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Education News from Washington Post
The Washington Post Local Education section provides coverage and analysis of schools, home school and education policy for DC, Maryland and Virginia. With in-depth coverage and analysis of Washington, DC education and schools, including DC charter schools, DC Schools Chancellor, DC teacher contract news and map of DC schools.
Updated: 1 day 9 hours ago
Maryland leads the nation in the portion of its graduates from the Class of 2015 who earned a 3 or better on at least one Advanced Placement exam. Virginia was 6th in the country.
The state's proposal to give college dropouts a chance to finish their degree for free could have far reaching implications for boosting national completion rates.
A student at Santa Clara University argues that women should be held to the same standards as men -- including being required to register for the draft
Veteran objected to high school lessons that taught Islam as a "peaceful religion" with adherents whose faith "is stronger" than the average Christian. Ban would prevent him from seeing daughter graduate.
Free college mostly helps students who would get a degree anyway, not all high school seniors are ready for college, and free tuition doesn't reduce the cost of college.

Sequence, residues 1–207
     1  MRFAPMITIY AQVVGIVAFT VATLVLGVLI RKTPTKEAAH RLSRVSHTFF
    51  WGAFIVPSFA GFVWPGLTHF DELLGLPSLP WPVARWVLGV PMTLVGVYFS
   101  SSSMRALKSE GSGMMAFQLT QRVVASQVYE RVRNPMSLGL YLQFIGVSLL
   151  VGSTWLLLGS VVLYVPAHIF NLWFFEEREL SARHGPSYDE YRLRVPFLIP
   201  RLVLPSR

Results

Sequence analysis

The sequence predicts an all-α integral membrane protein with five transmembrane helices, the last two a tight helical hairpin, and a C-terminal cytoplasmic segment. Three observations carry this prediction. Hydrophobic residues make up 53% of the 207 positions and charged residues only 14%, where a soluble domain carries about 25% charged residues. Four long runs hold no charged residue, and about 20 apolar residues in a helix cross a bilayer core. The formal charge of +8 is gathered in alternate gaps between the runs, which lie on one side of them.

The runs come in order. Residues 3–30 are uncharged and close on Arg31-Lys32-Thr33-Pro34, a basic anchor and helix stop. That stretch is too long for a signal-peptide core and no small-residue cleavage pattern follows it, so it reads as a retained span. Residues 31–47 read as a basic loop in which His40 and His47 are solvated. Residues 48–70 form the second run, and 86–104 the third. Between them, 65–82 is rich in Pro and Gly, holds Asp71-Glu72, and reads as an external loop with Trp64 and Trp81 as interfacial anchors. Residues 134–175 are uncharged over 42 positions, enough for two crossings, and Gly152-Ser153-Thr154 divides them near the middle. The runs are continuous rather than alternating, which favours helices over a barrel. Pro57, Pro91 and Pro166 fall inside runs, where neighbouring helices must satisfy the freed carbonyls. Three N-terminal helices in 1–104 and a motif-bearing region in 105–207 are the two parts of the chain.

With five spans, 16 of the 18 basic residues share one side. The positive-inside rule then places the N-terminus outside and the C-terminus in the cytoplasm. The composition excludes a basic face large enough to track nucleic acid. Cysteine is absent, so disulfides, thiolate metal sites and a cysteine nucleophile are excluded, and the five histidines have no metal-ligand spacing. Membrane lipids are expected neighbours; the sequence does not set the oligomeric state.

John King, the former education commissioner of New York state, is coming up for confirmation hearings to head the U.S. Education Department.
A growing number of people are calling on University of Alabama leaders to rename a building on campus
A study found that educators trained in integrating art into math lessons saw better test results from students.
Black Law Students at Georgetown: We are shaken and angry at conservatives' response to Scalia's death
The Black Law Students Association adds their voice to the debate at Georgetown Law over how and whether to mourn the death of Supreme Court Justice Antonin Scalia.
The Maryland student used the robot to stay connected to classes while undergoing cancer treatment in N.Y.
More than five years after Michelle Rhee left D.C. Public Schools, her most unusual innovation will fall.
The president of Williams College cancels a speaking event, saying the writer's views cross the line into hate speech.
A materials science course at Johns Hopkins University teaches students by using chocolate. Lots of chocolate.
Obama’s nominee for education secretary has apologized for a climate in which teachers feel “attacked and unfairly blamed.”
The lawsuit, filed by the leader of a conservative group, sought to overturn the school district's policy to bar discrimination against gay an transgender students.